The Mark Blog

Nothing Lost

Five years ago, when I was just beginning to surf, my husband (then boyfriend) and I were out on our longboards in a bay that drops steeply off a shelf. With genuine awe, he pointed directly beneath my board and said, lightness in his voice, “Shark!” I will never forget the movement of the shark’s body, precisely as I’d always imagined it might be—smooth, snakelike, mechanical. Later, we recounted that it was five or six feet long. From the book, we couldn’t identify the species—a gray shark? A blue?

At my grandparents’ pool, I used to swim to the edge and climb the ladder extra fast, imagining beasts in the water. I’d heard about men putting piranhas, sometimes crocodiles, in lakes and ponds simply to be cruel.

Sometime last winter I surfed the Pismo Beach Pier the day after a great white had been sighted not far offshore. As we reached the top of the stairs to the beach, I spotted the laminated, neon pink sign: Warning, it read. Swim at your own risk. Confirmed 17-foot Great White Shark Sighting. I spent the better part of an hour with my legs tucked under my board, attempting to protect my femoral artery—the one that usually causes people to bleed out. From a documentary I’d seen somewhere, I recalled perfectly the shot that displays how similar the silhouettes of surfers and seals appear to be from the depths. I comforted myself with this thought: If I’m attacked by a great white shark and live, it’ll make an amazing book.

A few times I’ve been told Write what you know. On other occasions I’ve heard the same adage convincingly rebuked. Jerome Stern’s chapter in Making Shapely Fiction seems to strike it exactly right: “A broader application of write what you know recognizes that the idea of you is complex in itself. You, in theory at least, know yourself. But your self is made up of many selves…” This is the part I really love: “You are, in part, not only the persons you once were, but also persons you have tried to be, persons you have avoided being, and persons you fear you might be. All these are people you know.”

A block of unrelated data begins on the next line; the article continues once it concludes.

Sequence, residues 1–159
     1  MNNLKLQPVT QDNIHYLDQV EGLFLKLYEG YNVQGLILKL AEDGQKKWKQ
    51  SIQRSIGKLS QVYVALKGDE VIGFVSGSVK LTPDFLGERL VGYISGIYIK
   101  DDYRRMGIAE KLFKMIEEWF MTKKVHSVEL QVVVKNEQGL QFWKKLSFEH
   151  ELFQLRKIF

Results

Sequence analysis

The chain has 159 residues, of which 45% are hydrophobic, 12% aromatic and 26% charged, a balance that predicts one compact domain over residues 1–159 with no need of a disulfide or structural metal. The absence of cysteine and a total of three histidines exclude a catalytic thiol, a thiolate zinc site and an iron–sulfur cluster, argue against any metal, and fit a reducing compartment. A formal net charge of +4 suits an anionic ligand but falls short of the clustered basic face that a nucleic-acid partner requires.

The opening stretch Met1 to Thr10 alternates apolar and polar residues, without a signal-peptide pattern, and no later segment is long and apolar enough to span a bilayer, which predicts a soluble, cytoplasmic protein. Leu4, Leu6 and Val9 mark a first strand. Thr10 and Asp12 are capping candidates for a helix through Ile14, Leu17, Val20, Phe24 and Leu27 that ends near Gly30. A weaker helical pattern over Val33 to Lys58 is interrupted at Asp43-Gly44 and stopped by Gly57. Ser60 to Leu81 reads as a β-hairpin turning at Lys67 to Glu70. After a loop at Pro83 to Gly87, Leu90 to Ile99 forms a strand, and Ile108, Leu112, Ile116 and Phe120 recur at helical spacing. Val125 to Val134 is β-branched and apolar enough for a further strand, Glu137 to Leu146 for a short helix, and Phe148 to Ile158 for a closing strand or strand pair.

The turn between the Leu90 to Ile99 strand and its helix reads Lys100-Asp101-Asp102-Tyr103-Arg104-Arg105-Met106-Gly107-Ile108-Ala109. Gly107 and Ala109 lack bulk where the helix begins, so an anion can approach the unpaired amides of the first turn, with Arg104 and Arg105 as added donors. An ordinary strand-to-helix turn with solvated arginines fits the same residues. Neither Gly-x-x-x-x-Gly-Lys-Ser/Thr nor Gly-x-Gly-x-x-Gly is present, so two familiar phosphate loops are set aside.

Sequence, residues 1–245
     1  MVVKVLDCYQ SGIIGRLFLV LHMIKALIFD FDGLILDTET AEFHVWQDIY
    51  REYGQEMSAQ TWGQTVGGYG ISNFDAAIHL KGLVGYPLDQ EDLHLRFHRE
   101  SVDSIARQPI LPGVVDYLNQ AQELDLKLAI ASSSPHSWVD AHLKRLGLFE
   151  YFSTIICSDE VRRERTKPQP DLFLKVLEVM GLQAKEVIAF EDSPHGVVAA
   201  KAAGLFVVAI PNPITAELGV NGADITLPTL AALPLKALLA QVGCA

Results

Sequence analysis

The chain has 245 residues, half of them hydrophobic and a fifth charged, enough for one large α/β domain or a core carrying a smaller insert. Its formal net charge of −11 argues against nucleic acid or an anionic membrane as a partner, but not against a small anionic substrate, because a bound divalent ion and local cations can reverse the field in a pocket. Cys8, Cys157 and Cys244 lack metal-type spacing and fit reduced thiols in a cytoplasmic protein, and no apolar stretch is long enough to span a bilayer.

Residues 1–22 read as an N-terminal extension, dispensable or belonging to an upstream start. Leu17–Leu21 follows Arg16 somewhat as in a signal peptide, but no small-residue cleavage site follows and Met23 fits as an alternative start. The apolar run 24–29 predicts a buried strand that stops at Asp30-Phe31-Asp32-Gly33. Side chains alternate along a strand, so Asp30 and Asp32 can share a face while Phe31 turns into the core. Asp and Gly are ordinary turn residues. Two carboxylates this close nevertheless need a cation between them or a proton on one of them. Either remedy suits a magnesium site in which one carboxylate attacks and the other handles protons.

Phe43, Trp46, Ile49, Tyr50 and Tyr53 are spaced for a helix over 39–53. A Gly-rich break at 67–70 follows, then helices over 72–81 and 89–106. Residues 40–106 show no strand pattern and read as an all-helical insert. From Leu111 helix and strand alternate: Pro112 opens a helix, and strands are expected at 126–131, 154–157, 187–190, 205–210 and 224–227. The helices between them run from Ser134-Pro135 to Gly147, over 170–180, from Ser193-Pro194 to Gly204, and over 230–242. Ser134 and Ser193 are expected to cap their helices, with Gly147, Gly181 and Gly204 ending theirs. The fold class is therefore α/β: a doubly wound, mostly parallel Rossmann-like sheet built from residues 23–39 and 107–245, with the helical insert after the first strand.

Pam Houston, a writer I deeply admire and the advisor of my thesis at UC Davis, sees her work as a collage: “Lots of little pieces that have value on their own, that, put next to other interesting pieces, are sometimes transformed. In a certain way I want each sentence to stand alone, each paragraph as well, each chapter. But then I want all the sentences to add up to something more than the sum of its parts, all of chapters, even all of books. In other words I want the pieces to have integrity, no matter the size of the frame.” If you haven’t read Contents May Have Shifted, do!

Even as I was still floating, waiting for a wave, keeping my eyes peeled for fins in the near blinding gray-white of the morning, and trying not to let the guys know how petrified I was, I thought about how stories aren’t made of events. Not really, not at the heart of them. It’s how we see things, how we put words to them, and how we make them matter to characters that make stories shine. In the words of Henry James, as writers, each of us is “[trying] to be one of the people on whom nothing is lost!”